What Will Happen To Airfares After COVID-19?

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With COVID-19 showing no signs of abating, it seems awfully hubristic to think about travel. 

And yet, we have to believe that sooner or later, the pandemic will be brought under control. When that happens, flying will once again be possible. And the question would invariably be: what can we expect to happen to airfares?

On one hand, it seems intuitive that airlines will have to engage in major price wars to coax nervous passengers back to the skies. On the other, it’s possible that social distancing and other regulations will limit the ability to pack passengers into planes, resulting in an increase in unit costs and, hence, airfares. 

While no one knows the answer for sure, here are some of the factors that will influence the final outcome. 

Factors in favour of lower airfares

Weak demand and overcapacity

Experts predict it could be two years after COVID-19 that crowds at airports return to normal.

Even after borders open up and travel restrictions are lifted, it’s a safe bet that not everyone’s going to rush out to travel straight away. COVID-19 will leave some long-lasting scars, and many may adopt a wait-and-see approach before venturing abroad. 

According to San Francisco-based think-tank Atmosphere Research Group, the recovery timeline will stretch out two full years after COVID-19 is declared as being under control. 

Weak demand and overcapacity will depress prices, as airlines will generally be trying to bring aircraft back into service to avoid the fixed costs of storage.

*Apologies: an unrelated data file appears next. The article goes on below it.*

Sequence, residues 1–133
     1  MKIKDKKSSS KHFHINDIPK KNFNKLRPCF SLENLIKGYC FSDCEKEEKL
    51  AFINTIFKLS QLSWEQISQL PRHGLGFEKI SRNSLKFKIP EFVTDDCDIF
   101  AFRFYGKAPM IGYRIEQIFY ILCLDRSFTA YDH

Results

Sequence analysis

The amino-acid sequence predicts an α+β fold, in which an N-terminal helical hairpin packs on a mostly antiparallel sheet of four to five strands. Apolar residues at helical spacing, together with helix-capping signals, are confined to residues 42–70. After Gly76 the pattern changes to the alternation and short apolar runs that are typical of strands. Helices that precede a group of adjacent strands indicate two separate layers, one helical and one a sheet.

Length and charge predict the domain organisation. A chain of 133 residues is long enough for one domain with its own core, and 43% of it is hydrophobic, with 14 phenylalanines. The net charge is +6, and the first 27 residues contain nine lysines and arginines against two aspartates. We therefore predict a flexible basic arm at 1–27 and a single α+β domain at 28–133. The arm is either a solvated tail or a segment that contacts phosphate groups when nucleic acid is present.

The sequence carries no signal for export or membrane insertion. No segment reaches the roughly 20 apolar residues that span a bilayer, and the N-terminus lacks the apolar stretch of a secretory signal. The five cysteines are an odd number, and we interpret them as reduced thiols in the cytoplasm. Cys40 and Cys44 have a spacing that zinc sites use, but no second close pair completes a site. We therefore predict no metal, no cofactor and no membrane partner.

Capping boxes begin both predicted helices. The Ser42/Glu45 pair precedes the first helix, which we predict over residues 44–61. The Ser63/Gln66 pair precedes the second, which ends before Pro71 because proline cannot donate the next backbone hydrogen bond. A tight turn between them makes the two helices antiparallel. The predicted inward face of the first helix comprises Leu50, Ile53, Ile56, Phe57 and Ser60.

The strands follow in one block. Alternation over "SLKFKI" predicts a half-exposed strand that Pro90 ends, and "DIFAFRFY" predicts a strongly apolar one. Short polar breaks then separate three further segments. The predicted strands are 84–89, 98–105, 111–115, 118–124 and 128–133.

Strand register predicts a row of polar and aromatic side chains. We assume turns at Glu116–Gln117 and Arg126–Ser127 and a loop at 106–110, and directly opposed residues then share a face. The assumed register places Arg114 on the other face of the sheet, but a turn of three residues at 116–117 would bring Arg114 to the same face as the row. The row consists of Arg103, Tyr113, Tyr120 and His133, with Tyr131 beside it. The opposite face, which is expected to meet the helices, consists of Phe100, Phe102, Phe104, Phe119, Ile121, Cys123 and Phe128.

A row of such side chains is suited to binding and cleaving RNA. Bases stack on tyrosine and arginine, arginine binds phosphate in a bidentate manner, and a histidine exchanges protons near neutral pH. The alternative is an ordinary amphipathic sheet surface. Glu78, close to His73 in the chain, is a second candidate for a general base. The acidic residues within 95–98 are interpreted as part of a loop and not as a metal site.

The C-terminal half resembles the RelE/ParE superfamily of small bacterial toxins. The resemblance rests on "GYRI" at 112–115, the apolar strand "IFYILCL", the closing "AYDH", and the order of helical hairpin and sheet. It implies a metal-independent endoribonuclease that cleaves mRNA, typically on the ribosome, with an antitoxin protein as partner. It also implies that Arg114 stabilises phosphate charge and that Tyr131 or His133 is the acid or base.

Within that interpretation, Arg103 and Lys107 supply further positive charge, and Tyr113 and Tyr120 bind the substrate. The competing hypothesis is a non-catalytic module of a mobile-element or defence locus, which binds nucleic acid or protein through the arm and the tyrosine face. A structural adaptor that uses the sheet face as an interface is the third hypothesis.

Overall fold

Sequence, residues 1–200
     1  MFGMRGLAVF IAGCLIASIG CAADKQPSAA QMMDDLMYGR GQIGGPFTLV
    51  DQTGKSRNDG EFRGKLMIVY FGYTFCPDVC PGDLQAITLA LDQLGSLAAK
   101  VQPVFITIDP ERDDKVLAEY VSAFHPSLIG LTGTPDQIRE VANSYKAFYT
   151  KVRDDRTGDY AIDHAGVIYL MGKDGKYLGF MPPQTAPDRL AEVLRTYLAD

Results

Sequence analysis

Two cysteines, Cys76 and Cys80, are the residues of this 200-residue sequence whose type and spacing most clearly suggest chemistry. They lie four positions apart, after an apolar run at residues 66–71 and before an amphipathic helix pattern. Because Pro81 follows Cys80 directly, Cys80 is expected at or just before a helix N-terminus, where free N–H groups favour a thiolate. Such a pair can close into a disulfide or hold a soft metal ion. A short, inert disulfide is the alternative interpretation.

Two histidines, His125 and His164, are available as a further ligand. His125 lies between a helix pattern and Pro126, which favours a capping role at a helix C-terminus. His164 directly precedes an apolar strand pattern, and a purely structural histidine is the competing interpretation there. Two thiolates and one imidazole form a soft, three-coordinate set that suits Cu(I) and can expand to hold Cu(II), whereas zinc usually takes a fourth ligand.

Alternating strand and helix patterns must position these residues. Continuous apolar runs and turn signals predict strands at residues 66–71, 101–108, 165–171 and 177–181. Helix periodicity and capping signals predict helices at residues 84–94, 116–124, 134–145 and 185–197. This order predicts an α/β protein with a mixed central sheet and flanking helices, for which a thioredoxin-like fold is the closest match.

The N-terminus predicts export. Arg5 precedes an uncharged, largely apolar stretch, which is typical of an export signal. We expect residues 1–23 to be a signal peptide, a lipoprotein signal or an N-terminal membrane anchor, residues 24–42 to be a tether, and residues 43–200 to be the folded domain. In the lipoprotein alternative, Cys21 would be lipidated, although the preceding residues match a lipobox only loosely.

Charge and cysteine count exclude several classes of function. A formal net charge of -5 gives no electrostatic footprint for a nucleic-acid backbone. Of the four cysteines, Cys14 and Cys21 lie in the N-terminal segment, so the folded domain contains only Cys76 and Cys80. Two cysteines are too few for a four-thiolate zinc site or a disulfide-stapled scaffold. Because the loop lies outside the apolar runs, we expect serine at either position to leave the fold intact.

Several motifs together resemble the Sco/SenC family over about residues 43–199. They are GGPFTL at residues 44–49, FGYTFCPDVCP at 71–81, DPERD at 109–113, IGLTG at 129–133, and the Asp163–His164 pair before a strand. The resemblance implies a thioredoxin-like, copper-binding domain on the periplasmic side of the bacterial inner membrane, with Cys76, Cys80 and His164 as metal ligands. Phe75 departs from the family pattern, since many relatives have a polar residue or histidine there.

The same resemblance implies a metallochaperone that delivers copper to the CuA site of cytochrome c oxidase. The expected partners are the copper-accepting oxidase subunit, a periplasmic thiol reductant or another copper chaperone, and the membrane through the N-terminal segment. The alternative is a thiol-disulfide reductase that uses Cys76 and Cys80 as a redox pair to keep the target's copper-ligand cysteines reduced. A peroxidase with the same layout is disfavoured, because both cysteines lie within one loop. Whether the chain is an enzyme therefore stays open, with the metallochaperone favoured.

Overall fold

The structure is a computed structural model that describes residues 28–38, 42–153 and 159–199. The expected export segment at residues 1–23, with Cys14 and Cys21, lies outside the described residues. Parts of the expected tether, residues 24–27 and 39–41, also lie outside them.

Low fuel prices

Who remembers the day when oil prices went negative? This phenomenon occurred because demand had dried up to the extent that producers had to pay buyers to take the commodity off their hands and store it.

Prices have since recovered to a more sane US$25 level, but that’s well below where they were a year ago. 

Theoretically, this should be a boon for airlines. The IATA estimates that airlines spent US$188 billion on jet fuel in 2019, at an average price of US$65. If the oil market remains soft for the rest of the year, the savings could be very substantial indeed. 

However, it’s important to remember that lower oil prices may not benefit airlines if they’ve hedged themselves at much higher prices. Singapore Airlines just announced an extraordinary $710 million loss on fuel hedges, no doubt spurred by the collapsing oil market. In such cases, airlines are less able to price cheaper oil into their tickets because they’re committed to buying it at more expensive prices. 

Factors in favour of higher airfares

Social distancing

Although blocking the middle seat doesn’t actually provide the level of social distancing recommended by health experts (the average seat is 45 cm wide, versus the recommended two-meter distance), it does provide psychological reassurance to jittery flyers. 

As such, carriers like Alaska Airlines, Delta and Japan Airlines have taken to blocking the middle seats on their aircraft, guaranteeing that all passengers will have an empty seat next to them.

Sample seat map from Japan Airlines showing social distancing- black seats are unavailable.

This is currently feasible because load factors (the number of passengers on a plane, divided by the plane’s capacity) are low, so the opportunity cost of blocking an empty seat is close to zero.

But that won’t be sustainable for long. Blocking the middle seat means an average load factor of 62%, which is well below the industry-average breakeven load factor of 77%. For airlines to make a profit at a load factor of 62%, the International Air Transport Association (IATA) calculates that airfares would have to increase by as much as 54%!